In 2006, Philip Seymour Hoffman told an interviewer he felt betrayed by a 60 Minutes program that focused on his addiction. His addiction was in the past, he said, “not a major part of the story at all.” He told The Observer, “There are other events that form you. So to single it out as the one would not only be inappropriate, but not true.”
Tragically, his addiction ended up being a major part of his story. It appears that after doing well for twenty years, he relapsed after taking prescription pain pills. In Philip Seymour Hoffman, we lost an uncommonly brilliant actor to a heroin overdose. Unfortunately, tragedies like this have become much too common.
On the day Hoffman died, over 100 other Americans died of a drug overdose, too. More Americans die from accidental drug overdoses than car crashes, about 40,000 people each year. The bulk of these deaths are caused by drugs called opioids, a category that includes prescription painkillers and heroin. According to the Centers for Disease Control, the U.S. is in the midst of a severe epidemic of opioid addiction and overdose deaths—a drug epidemic it calls the worst in United States history.
This is the epidemic that claimed Hoffman after so many years of sobriety and that is devastating communities across the country. A few weeks ago Vermont Gov. Peter Shumlin devoted his entire State of the State speech to his state’s opioid crisis. He talked about the need to expand access to treatment for people suffering from addiction, pointing out that we’re not going to be able to arrest our way out of this crisis. He’s absolutely right.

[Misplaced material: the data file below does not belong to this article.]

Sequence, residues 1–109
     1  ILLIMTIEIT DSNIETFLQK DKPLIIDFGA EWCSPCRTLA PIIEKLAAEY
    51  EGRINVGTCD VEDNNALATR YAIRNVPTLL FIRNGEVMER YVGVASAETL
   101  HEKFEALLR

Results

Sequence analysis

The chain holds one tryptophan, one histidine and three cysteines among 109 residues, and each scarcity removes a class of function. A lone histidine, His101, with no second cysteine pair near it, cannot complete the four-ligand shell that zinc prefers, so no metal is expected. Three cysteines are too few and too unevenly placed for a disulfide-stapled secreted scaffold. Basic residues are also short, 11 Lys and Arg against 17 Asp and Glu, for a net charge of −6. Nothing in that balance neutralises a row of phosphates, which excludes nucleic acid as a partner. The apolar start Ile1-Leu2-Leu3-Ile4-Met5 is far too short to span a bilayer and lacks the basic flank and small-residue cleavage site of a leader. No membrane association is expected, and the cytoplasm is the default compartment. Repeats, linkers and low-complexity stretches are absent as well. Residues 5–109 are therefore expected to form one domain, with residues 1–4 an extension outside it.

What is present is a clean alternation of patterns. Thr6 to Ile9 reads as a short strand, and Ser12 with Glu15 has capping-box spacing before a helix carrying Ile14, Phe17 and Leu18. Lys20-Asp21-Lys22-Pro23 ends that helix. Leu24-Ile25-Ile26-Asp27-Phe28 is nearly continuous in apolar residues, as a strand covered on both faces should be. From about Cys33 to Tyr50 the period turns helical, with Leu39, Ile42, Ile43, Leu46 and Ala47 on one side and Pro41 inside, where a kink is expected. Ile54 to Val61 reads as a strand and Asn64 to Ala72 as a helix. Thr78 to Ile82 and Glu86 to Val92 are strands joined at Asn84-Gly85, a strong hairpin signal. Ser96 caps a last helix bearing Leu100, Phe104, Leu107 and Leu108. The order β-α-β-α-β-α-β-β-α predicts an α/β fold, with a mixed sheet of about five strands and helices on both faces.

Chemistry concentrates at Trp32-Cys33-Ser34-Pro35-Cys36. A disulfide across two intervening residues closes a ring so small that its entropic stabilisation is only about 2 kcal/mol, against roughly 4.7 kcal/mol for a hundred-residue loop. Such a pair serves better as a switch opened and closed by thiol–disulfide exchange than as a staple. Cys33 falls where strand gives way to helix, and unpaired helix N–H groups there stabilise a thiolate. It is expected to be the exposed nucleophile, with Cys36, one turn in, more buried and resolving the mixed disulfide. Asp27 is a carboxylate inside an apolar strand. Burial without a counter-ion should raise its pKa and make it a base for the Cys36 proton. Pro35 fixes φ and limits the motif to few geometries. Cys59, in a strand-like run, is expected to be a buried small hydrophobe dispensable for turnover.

He also said people shouldn’t think that, just because he devoted his speech to the crisis, Vermont’s crisis is more serious than it is other states. He’s absolutely right about that, too. Like Vermont, nearly every state in the country is struggling to address this epidemic. Last month alone, 22 Pennsylvanians died from opioid overdoses that may have involved fentanyl, a powerful prescription painkiller, and many counties across the country are reporting skyrocketing rates of opioid overdose deaths.
If we recognize, as Shumlin pointed out, that opioid addiction is a disease that has increased to epidemic levels, then the strategies for controlling this epidemic become clear. We need to do two things. We need to prevent people from getting this disease in the first place (mainly by getting doctors and dentists to prescribe painkillers more cautiously), and we need to see that people who already have the disease have access to effective treatment.
We need to do both. If we only curtail overprescribing of painkillers without also expanding access to effective treatment, we’ll continue to see people turning to heroin, and the opioid epidemic will continue unabated.
By Andrew Kolodny, M.D.
Chief Medical Officer